Your success will not happen overnight. It will take time. You may even become lax at times, but don’t worry. The record keeping that we spoke of above will help to get you back on track.

Before his brain injury in 2005, my husband, David, used to do a half hour of his version of Tai Chi every morning. He’d run twenty miles each week, and he’d regularly lift small weights to strengthen weight_lifting_13his arms. He was fit and healthy. He exercised not only for his health, but also to leave the stress of his laboratory behind. David’s disabilities are all physical, including severely compromised balance, which makes him unable to run. He regrets this, but he has turned his attention to the treadmill – with its handrails – for exercise. He has also recently acquired a recumbent trike, which allows him to pedal away on his own with no danger of falling. None of this was possible when David first arrived home from the hospital. He was confined to wheelchair and bed. He could not even stand unassisted. It was a slow process – one that he has worked on over the past eleven years, but with small steps and small increments of exercise, he is gaining his strength and his independence.

So, no matter what your goal is, BE PATIENT. Reach for the stars, but remember, it will take time.


If you choose a goal that you find is not appropriate – it’s too hard, it’s too easy, or you are not enjoying it – QUIT IT!


It’s your life, and you can make the choices. Because you are a brain-injury survivor, I am sure there are many goals you would like to accomplish. Make new resolutions. (It doesn’t have to be a new year.) And, mix it up.

If you are not seeing the progress you want – for whatever reason, choose something else to work on. You can always come back and try again later. That’s why I encourage you to make reasonable and realistic resolutions. You want success to be imminent.

Once David tried a form of therapy on the recommendation of a friend who insisted that it helped her greatly, and, in fact, it did help her. David tried it for quite a long time and dedicated himself to it, but found it tedious and boring. He soon quit and set his sights on something more enjoyable that was not going to make him miserable. That’s where the flexibility comes in. Do what works for you.


I mentioned earlier to “mix it up.” That’s not a bad idea for anyone. If boredom sets in, your chance of success will fall greatly. You won’t reach your proposed goal, and you will become disenchanted with the activity. The feelings of failure are right behind. So, don’t put yourself in that position. Make a new resolution, and try something different. It can be something different that is still familiar, or it can be something so different that you have never done it before.David on Recumbent Trike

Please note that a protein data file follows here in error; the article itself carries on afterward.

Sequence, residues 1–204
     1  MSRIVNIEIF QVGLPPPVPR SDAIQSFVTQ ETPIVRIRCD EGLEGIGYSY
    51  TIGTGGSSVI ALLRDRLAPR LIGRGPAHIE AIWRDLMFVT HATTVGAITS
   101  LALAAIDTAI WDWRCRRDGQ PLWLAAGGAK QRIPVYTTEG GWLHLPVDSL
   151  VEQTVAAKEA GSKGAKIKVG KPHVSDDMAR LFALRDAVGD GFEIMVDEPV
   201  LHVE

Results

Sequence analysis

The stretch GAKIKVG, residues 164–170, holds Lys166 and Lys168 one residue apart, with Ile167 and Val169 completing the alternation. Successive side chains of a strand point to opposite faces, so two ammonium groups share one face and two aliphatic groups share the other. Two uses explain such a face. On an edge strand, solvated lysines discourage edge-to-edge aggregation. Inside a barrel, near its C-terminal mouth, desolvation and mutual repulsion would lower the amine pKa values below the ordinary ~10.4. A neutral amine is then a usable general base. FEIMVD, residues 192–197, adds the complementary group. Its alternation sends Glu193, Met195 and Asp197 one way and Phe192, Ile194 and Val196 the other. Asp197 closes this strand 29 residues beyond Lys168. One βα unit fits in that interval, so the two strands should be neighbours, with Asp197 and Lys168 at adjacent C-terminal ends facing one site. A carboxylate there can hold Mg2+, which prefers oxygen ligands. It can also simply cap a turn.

I want to go back to the story of David’s recumbent trike. In his adult life, he never rode a bicycle. As I mentioned, his preferred method of exercise was to run. When that was no longer a viable exercise mode, he turned to a recumbent trike. That has changed his post-brain-injury life. Before the trike, David was unable to leave the house alone. Now he can leave whenever he wants to. He is able to go to the garage, get on his trike, ride for several hours, and return. (The only thing he cannot do is get off the trike anywhere else because his balance issues do not allow him to walk freely outdoors.) So, try something you have never done before. Maybe you always wanted to draw or paint. Do it.


You may want to exercise with a buddy. Exercise can be much easier with a friend. I much prefer walking and talking or treading water in the deep end of a pool and talking or rotating through the machines in the gym and talking. Are you seeing a pattern here? I find exercising with a friend much more enjoyable than exercising alone. No matter what your goal is, if you can do it with someone else, it makes the exercise easier. It also adds an element of accountability. If you have made plans with a friend, you are more likely to meet your goal.swimming

For most survivors with brain injury, life has drastically changed. The kinds of resolutions that you may have made before your brain injury are now more than likely impossible to attain. But, that doesn’t mean that you can’t set goals that you can successfully achieve. The gym may be out of the question, but you can set aside some moments at home for leg lifts, small weights, push-ups, stepping-in-place, etc. You can do anything to keep your body fit.

Each brain injury is different. The disabilities that accompany each brain injury are wide and varied. For some folks, the injury entails only cognitive/learning disabilities or emotional issues. For others, the brain injury might include physical disabilities.

So basically, you want to assess what you can do to improve your life while not being miserable. You want to make resolutions that can fit into your lifestyle. You don’t want to set your goals so high that they cannot be achieved. But, if you set your goals too high, change them. Make your resolutions reasonable, responsible, and realistic. Most of all, make them FUN.